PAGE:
(#41) §?§§Y commented on 10-14-05 at 04:42 PM :
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I wouldn’t draw parallelisms witn Malaysia unless it can be proved that we share a common history and culture. In fact, I wouldn’t draw parallelisms at all.
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On the contray, I WOULD. That's where ambition starts, when you latch on to a role model to emulate. Let's say you are right, that we should "draw parallelisms" (strange considering that we in fact share a common Indo-Malay heritage with the Malaysians). What then? What benchmarks do we use to measure our progress? What state of achievement do we ASPIRE to?


(#41) §?§§Y commented on 10-14-05 at 04:42 PM :
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Note, however, that Malaysia--despite relative progress--is not much different from the Philippines where the poor vastly outnumber the rich. That’s a good model? Note, too, that Malaysia’s relative progress was achieved because it refused to, what was your word, COPE, with the WORLD ORDER.
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That's right, just like Singapore did. Now I'm a bit confused about what your argument is (again I will emphasize that the question of "which is which" should really be directed to you than to me).

Because I use CULTURE as the fundamental framework for my arguments, the question of which "model" or "standards" to use is irrelevant (which I think is the reason your arguments seem to be going around in circles). My assertion is that whatever "standards" or "models" playing field we choose to succeed in (be it Uncle Sam's, LKY's, Mahathir's, Marx's or Lola Basyang's) requires DIFFERENT attitudes, mindsets, and constitutions in the society it is applied to. Whatever we choose, we need to muster the collective RESOLVE to make whatever model we choose WORK FOR US. At the moment, we choose DEMOCRACY, yet we do not have the COLLECTIVE resolve to make DEMOCRACY work for US.

And the ability to achieve such RESOLVE is a function of how robustly a soceity is constituted. Filipinos have so far demonstrated that ours is a weakly-constituted society. And I say, just because IT IS, does not necessarily mean it has to stay that way FOREVER. Culture CAN be changed. But it takes RESOLVE. We don't have a choice really. Even management gurus preach that cultural change is necessary for a community to sustainably achieve.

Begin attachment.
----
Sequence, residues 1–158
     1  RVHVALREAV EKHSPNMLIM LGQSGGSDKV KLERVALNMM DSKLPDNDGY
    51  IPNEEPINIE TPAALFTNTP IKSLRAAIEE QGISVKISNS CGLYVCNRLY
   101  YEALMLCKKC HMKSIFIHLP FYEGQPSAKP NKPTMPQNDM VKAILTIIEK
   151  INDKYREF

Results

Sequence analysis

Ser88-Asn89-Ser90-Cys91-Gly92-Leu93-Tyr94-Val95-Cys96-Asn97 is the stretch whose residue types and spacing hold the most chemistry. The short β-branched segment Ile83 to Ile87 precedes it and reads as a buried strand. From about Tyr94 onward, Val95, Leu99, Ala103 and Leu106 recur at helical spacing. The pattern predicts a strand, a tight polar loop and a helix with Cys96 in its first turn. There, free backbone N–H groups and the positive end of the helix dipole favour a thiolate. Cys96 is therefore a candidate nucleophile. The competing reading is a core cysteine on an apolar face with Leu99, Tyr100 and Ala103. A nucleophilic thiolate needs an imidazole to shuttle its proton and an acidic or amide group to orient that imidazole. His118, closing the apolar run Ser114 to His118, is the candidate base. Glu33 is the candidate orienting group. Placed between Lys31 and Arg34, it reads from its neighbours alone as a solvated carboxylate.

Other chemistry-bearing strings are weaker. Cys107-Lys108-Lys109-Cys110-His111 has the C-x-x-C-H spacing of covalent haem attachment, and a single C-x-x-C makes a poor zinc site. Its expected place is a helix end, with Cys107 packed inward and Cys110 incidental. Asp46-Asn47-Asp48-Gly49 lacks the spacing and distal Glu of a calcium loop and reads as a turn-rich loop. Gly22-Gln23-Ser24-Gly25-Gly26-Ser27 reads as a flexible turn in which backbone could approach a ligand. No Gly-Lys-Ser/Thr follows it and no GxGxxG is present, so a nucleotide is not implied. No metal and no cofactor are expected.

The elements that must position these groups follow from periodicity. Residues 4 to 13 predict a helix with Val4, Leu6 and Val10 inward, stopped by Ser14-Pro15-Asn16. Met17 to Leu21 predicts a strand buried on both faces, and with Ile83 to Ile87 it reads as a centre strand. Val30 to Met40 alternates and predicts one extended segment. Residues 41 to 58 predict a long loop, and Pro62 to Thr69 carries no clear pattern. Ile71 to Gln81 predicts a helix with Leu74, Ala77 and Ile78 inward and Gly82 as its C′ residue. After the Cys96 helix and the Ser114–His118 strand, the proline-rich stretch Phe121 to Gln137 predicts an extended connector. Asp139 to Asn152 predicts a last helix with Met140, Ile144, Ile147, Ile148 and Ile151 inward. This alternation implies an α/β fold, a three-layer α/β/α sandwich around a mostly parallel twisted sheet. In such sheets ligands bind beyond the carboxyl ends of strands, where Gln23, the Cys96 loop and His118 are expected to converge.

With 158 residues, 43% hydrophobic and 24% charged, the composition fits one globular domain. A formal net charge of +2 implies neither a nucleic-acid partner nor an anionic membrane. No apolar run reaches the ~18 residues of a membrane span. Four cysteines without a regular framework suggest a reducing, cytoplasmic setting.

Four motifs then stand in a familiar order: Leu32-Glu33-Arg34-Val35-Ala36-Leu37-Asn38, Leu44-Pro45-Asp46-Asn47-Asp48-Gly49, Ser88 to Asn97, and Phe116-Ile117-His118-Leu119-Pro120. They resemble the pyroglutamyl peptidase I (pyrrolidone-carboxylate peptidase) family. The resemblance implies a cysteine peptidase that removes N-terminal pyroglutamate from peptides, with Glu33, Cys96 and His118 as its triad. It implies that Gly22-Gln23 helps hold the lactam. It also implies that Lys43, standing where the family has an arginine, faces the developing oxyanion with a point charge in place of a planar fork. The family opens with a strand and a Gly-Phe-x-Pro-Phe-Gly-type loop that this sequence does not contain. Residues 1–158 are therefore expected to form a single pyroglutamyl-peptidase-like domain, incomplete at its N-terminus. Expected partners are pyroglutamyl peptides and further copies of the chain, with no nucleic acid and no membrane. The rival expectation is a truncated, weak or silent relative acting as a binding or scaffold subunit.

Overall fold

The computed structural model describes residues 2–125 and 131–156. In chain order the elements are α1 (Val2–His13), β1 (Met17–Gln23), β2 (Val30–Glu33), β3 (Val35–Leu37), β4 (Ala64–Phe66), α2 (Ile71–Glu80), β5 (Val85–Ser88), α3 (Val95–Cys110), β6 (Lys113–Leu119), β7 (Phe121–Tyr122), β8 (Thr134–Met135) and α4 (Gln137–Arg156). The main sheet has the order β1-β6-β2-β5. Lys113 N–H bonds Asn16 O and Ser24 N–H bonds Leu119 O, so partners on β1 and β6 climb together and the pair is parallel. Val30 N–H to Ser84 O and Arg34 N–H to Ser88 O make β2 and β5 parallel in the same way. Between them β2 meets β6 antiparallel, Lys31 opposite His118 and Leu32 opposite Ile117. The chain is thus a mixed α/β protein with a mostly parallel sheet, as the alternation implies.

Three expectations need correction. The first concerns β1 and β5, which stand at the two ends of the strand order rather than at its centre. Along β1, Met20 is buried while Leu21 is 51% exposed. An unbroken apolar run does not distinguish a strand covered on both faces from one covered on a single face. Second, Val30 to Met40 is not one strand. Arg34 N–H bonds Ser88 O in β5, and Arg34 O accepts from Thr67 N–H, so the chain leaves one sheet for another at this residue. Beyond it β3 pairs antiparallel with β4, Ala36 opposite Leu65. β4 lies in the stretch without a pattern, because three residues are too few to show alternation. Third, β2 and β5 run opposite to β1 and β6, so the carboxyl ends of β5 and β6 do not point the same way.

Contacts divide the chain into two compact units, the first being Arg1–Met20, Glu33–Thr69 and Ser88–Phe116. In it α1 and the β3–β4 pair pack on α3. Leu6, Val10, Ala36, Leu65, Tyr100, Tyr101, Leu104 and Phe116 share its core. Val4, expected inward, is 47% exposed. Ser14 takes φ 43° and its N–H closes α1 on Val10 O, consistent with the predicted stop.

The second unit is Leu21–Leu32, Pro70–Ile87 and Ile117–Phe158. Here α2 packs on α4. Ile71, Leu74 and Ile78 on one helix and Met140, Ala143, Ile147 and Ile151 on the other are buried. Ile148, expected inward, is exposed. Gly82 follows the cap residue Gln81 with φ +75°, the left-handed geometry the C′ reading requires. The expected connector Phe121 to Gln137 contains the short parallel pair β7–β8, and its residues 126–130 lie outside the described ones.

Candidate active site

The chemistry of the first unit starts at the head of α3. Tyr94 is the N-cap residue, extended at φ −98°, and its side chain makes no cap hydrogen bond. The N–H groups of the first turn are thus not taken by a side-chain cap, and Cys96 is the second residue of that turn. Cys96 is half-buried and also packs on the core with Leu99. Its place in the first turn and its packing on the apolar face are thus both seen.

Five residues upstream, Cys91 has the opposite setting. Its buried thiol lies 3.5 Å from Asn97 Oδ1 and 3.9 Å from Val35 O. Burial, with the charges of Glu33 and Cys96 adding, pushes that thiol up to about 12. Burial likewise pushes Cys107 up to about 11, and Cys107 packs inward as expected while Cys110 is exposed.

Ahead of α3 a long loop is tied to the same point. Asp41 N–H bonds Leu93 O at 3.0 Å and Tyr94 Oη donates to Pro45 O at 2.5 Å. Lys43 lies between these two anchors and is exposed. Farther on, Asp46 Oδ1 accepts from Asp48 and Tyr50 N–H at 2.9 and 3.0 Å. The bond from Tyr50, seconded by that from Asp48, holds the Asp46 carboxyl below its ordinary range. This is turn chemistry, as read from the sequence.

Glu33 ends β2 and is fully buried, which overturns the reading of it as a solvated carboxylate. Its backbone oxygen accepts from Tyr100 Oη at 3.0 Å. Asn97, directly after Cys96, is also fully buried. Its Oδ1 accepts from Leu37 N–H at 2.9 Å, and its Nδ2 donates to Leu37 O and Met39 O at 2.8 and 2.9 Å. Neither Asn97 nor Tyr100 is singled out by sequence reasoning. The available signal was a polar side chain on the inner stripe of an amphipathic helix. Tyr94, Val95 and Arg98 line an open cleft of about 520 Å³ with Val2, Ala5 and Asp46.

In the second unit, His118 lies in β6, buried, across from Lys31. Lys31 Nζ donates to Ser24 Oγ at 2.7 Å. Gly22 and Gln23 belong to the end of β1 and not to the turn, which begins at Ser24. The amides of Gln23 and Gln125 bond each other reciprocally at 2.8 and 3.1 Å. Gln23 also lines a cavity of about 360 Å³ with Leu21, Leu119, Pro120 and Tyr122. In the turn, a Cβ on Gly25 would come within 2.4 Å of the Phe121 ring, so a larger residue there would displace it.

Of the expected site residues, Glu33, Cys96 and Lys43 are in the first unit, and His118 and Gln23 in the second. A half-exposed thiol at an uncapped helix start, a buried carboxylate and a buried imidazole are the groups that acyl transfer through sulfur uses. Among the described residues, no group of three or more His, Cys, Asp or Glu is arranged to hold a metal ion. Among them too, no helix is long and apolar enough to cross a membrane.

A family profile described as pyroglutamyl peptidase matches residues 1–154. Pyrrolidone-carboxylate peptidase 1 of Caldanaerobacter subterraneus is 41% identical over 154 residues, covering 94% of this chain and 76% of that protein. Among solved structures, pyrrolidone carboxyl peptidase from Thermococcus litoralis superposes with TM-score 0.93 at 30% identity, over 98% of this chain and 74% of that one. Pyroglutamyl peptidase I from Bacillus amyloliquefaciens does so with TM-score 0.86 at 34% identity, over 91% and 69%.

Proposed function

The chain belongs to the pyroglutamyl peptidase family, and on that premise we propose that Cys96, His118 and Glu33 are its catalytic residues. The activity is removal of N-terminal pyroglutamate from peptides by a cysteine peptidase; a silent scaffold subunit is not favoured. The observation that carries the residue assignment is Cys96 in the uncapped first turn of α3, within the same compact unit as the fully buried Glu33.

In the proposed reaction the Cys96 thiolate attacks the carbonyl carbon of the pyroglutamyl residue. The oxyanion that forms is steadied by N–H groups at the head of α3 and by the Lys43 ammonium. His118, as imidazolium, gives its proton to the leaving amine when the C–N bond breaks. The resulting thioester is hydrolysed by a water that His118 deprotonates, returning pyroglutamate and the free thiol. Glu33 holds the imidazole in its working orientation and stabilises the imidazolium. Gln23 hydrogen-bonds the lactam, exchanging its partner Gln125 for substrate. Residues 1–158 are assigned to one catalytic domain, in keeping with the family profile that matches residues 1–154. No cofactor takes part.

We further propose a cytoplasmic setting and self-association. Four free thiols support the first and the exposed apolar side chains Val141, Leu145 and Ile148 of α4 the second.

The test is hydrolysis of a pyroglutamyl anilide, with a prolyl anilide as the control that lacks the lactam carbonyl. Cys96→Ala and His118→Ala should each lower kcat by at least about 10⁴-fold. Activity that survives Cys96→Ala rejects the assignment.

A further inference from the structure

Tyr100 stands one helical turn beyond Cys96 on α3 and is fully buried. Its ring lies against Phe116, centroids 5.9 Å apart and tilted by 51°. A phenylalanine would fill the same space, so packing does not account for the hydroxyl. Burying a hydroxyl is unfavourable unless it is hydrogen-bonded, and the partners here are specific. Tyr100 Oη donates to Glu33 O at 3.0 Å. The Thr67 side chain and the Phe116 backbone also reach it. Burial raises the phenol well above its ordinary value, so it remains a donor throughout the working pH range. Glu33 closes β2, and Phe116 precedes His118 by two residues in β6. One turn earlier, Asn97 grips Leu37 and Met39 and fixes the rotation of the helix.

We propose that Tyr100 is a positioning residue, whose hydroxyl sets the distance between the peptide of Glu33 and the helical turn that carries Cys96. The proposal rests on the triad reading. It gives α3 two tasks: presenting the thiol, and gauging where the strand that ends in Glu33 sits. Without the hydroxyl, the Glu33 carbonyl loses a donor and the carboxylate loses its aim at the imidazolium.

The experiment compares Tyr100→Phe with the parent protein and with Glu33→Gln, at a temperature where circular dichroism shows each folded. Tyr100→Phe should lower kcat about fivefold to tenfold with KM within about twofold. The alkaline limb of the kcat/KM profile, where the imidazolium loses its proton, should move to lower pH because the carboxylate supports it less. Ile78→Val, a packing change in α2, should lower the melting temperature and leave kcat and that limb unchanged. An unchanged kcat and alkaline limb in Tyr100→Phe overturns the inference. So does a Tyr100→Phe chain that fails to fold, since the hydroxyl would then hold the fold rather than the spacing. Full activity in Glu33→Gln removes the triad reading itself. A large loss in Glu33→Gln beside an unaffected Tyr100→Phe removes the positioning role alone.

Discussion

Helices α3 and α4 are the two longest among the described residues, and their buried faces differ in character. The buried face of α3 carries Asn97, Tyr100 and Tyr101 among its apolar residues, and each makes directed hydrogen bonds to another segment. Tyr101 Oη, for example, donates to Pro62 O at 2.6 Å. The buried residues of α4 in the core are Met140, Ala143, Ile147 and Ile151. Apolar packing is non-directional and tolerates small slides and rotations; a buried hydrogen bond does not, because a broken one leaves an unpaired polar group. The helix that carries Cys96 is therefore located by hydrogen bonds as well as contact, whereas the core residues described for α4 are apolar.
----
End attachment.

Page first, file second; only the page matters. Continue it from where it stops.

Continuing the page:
Check out this slide show on Cultural Change...

LINK

...which was developed by the California State University.


(#41) §?§§Y commented on 10-14-05 at 04:42 PM :
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See, you’re looking at it from the perspective of material wealth. You look up to countries where the average family income is much higher than ours. And that, for you, is the perfect model. Like being poor is failure. But there’s so much more to statehood and nationhood than money.
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But being poor IS a failure. Most poor people would rather be NOT POOR. That is a fact. The impoverishment of the Philippines IS THE SINGLE BIGGEST FACTOR that accounts for the multitude of problems that WEAKEN our society today.

Yes there is more to statehood/nationhood than money. But it is the lack of money that prevents us from achieving those other ephemereal "mores to nationhood" that you cite.


(#41) §?§§Y commented on 10-14-05 at 04:42 PM :
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BOTTOMLINE, the answers cannot be found by comparing us with other countries. Purely and simply, because we are not them. We can learn from them but we can never base our success or failure on theirs. That’s like keeping up with the Joneses. Walang originality. And that is failure.
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A a a, I never said that we be like them. I do agree though that we can LEARN FROM THEM. And it is in the LEARNING part (whether it be from others or from our own mistakes) that we as a people are famously dysfunctional at.


(#41) §?§§Y commented on 10-14-05 at 04:42 PM :
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“SHould have been” and “is” is incompatible. True. But “is” is never immutable, as you make it sound. We can still go to “what should be.”
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That is right. And to achieve the "what should be" requires us to face the really DIFFICULT and more FUNDAMENTAL questions. ;)